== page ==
I agree, if a user does download, give execute permission, etc, you can't protect against that.

        [B]On every mainstream OS today (Windows/Linux/OSX/BSD/etc) admin/root rights are not required to introduce new executables into the system,[/B]

        That needs to be clarified, root is absolutely needed to write to any system directory. Some linux programs can be installed local the user's directory (firefox, netbeans, etc), however, infecting system files without root is not possible (except for an escalation exploit). You simply have to love ext3 or Resier or whatever, built right into the filesystem, the control you need. That makes it harder because the malware has to not only find a way to run but to install in non standard directories cause it will die writing to /usr/bin.

        Note: just clarifying, you are right, nothing anyone can do (except admin with apparmor) to protect a user determined to install that must have malware infected screensaver.

        TripleII

        P.S. That's why I am not particularly enamored with FF plugin installer, there is little control to many untrusted plugins and malware in that way could gain access to a running program (firefox) which can spawn others in the user space.
        TripleII-21189418044173169409978279405827
        • Not correct

          [i]Not a single Browser (not sure about IE under wine) native to Linux will download an executable and give it execute permission.[/i]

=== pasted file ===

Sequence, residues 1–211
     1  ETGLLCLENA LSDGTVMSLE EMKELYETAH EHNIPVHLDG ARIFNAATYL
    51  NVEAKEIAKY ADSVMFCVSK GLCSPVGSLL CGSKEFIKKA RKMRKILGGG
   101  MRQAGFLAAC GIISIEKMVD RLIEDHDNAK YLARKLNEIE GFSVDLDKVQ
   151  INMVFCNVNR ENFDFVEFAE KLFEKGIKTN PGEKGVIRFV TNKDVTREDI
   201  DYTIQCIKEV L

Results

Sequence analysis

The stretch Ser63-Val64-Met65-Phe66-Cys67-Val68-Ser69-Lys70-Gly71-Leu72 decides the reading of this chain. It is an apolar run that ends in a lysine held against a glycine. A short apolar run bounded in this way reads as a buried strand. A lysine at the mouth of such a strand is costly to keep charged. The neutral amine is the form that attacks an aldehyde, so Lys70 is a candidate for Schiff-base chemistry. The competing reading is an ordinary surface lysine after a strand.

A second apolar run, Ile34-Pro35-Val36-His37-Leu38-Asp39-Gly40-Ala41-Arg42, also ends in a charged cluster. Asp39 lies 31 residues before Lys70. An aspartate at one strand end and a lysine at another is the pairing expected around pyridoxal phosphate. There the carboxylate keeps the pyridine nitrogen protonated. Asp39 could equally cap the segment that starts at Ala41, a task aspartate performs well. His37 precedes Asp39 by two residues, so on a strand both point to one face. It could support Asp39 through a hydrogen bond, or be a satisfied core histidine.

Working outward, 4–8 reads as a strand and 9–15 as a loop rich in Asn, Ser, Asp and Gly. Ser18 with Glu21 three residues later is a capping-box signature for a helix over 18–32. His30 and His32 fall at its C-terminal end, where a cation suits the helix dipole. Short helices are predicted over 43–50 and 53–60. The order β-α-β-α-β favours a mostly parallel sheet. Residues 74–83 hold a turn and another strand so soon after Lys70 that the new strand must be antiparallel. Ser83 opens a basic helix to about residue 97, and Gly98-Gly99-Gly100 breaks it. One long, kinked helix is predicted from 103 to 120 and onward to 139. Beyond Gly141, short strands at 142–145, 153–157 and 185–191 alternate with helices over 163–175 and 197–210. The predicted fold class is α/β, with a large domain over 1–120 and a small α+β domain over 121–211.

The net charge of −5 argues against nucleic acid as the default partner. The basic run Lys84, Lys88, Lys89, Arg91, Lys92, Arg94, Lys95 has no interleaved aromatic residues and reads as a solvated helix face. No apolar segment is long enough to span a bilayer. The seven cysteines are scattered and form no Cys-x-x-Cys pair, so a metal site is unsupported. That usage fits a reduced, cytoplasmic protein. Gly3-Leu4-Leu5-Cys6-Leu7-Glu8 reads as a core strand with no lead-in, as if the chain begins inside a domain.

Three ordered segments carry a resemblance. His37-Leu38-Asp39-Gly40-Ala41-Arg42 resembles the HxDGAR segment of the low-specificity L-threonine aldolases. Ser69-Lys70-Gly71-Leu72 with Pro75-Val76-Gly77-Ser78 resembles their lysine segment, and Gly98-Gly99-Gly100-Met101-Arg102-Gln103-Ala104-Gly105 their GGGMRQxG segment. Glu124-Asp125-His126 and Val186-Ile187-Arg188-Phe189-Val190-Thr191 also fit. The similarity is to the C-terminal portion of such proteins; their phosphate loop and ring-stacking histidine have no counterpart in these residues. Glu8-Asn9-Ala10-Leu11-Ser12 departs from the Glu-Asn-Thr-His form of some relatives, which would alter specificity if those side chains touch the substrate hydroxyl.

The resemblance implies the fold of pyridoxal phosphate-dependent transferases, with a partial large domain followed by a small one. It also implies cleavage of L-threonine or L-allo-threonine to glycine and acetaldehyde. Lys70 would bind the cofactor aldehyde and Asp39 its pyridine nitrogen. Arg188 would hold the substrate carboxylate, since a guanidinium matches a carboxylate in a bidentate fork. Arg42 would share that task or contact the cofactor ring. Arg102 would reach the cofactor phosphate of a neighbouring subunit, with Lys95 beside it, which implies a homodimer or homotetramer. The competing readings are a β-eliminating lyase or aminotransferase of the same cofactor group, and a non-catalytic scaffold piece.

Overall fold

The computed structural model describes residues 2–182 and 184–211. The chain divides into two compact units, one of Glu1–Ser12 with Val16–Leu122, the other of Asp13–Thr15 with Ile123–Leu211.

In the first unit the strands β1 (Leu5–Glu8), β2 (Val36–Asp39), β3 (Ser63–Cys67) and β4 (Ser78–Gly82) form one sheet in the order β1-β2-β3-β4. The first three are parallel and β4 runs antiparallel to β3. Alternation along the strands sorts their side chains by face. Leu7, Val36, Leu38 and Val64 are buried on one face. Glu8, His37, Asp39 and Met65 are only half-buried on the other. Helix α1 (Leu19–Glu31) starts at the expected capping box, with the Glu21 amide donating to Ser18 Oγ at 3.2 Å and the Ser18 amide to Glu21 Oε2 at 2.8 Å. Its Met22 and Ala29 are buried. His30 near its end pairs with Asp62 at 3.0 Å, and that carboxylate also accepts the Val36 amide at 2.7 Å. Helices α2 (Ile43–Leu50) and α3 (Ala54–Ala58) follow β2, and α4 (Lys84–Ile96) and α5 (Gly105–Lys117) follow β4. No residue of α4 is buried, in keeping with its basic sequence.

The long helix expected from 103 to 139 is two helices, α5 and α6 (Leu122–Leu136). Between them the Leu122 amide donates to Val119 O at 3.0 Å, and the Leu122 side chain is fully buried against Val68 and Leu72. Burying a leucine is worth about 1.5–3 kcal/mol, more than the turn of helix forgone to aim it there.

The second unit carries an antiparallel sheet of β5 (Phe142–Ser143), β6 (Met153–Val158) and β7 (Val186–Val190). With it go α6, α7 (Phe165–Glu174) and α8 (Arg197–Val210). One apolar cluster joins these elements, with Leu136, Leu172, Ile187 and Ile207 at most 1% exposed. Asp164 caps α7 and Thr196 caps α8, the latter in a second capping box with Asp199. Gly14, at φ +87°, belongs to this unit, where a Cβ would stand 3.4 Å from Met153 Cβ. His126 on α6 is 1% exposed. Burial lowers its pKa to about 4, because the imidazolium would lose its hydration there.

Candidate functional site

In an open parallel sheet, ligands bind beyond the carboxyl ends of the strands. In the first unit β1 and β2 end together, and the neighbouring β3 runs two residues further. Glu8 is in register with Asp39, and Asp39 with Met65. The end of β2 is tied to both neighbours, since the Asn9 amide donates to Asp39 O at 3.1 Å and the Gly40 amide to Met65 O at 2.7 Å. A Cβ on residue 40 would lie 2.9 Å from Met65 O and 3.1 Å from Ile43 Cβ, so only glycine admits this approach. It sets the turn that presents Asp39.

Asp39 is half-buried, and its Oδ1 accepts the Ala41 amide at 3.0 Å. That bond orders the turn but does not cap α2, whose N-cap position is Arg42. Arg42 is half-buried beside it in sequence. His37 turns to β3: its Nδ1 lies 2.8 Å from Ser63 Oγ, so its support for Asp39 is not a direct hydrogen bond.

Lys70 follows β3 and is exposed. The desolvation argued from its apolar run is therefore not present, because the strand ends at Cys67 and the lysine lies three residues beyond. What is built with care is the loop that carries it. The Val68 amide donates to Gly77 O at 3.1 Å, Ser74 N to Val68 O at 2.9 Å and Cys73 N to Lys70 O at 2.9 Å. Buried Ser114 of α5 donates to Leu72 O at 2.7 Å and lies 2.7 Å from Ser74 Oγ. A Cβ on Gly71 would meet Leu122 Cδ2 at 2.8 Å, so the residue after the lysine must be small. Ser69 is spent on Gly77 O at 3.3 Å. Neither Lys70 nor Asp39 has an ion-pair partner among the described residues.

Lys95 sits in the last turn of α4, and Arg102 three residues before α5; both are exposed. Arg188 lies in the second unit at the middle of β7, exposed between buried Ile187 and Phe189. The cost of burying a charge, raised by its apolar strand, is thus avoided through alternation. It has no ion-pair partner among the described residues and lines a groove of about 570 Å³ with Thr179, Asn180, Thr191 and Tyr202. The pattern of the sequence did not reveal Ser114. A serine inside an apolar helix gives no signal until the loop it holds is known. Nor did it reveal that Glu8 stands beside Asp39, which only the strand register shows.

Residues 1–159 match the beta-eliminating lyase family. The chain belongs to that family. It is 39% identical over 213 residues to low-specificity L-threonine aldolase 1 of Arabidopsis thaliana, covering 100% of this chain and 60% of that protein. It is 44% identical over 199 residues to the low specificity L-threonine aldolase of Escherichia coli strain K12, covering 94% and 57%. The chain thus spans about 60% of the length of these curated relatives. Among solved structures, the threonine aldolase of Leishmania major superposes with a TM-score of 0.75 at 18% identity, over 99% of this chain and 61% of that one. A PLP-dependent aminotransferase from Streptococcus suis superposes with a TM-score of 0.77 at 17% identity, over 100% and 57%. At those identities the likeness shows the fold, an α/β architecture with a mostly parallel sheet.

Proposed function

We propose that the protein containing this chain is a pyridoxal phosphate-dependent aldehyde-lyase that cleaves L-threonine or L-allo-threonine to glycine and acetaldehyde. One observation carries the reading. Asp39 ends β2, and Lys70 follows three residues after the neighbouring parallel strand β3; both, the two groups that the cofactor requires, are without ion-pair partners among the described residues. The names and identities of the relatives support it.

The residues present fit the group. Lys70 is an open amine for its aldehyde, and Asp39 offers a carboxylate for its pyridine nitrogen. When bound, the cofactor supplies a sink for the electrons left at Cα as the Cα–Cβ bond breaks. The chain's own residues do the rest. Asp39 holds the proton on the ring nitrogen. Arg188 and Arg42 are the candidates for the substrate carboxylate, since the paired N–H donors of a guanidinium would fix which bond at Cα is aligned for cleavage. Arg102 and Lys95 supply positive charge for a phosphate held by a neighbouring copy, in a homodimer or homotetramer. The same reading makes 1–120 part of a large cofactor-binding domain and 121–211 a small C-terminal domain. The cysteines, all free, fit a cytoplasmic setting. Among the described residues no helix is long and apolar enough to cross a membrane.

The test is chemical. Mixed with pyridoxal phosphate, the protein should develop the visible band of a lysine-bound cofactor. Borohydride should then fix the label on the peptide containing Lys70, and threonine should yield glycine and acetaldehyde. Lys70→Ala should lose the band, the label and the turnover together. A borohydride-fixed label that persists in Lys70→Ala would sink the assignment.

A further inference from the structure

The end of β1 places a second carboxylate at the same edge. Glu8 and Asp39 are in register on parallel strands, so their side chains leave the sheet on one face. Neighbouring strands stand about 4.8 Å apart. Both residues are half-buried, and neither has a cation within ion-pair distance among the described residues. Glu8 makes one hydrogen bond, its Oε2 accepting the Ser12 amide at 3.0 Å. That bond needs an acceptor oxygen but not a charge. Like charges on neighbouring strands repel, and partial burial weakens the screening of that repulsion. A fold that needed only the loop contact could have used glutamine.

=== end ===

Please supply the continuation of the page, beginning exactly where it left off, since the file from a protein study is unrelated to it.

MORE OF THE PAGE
Not a single browser native to Windows will download an executable and run it without user interaction (the norm, exploit exceptions probably exist). In fact, XP SP2 introduced something that OS X users are just getting now in that executables and certain data files (like XML) are tagged as "untrusted" when downloaded to disk and you must explicitly remove that flag in order to run/open the file. It isn't called an execute bit but it performs the exact same function.

          [i]The first step is always a manual (or through a file manager), chmod +x.[/i]

          This also is patently false. Files are untarred with whatever permissions they were tarred with so no, chmod is not required to give remote programs the execute permission. Also, I don't believe shell scripts need the execute permission if you invoke them with 'sh somescript.sh' although I would have to double check that.

          If your point is that downloading and executing code is harder to do in Linux because of the execute bit, I'll politely disagree since Windows also forces you through manual steps to execute code you download. However, the execute bit is off topic since this is about being able to introduce foreign code without root permission and even you admit that this is possible in Linux.

          [i]You simply have to love ext3 or Resier or whatever, built right into the filesystem, the control you need. That makes it harder because the malware has to not only find a way to run but to install in non standard directories cause it will die writing to /usr/bin.[/i]

          Um, NTFS has had this since 1993. I don't say that to suggest Windows has had this longer, only that this has been a part of Windows for a very, very long time. In fact, ACL extensions have recently been added to the above mentioned file systems because in some cases, ACLs are more flexible than what is possible with the traditional ugo system. I've been immune to 99% of Windows malware since 2000 since I never ran with admin permissions and nearly all Windows malware would fail trying to write to the Windows\System32 directory.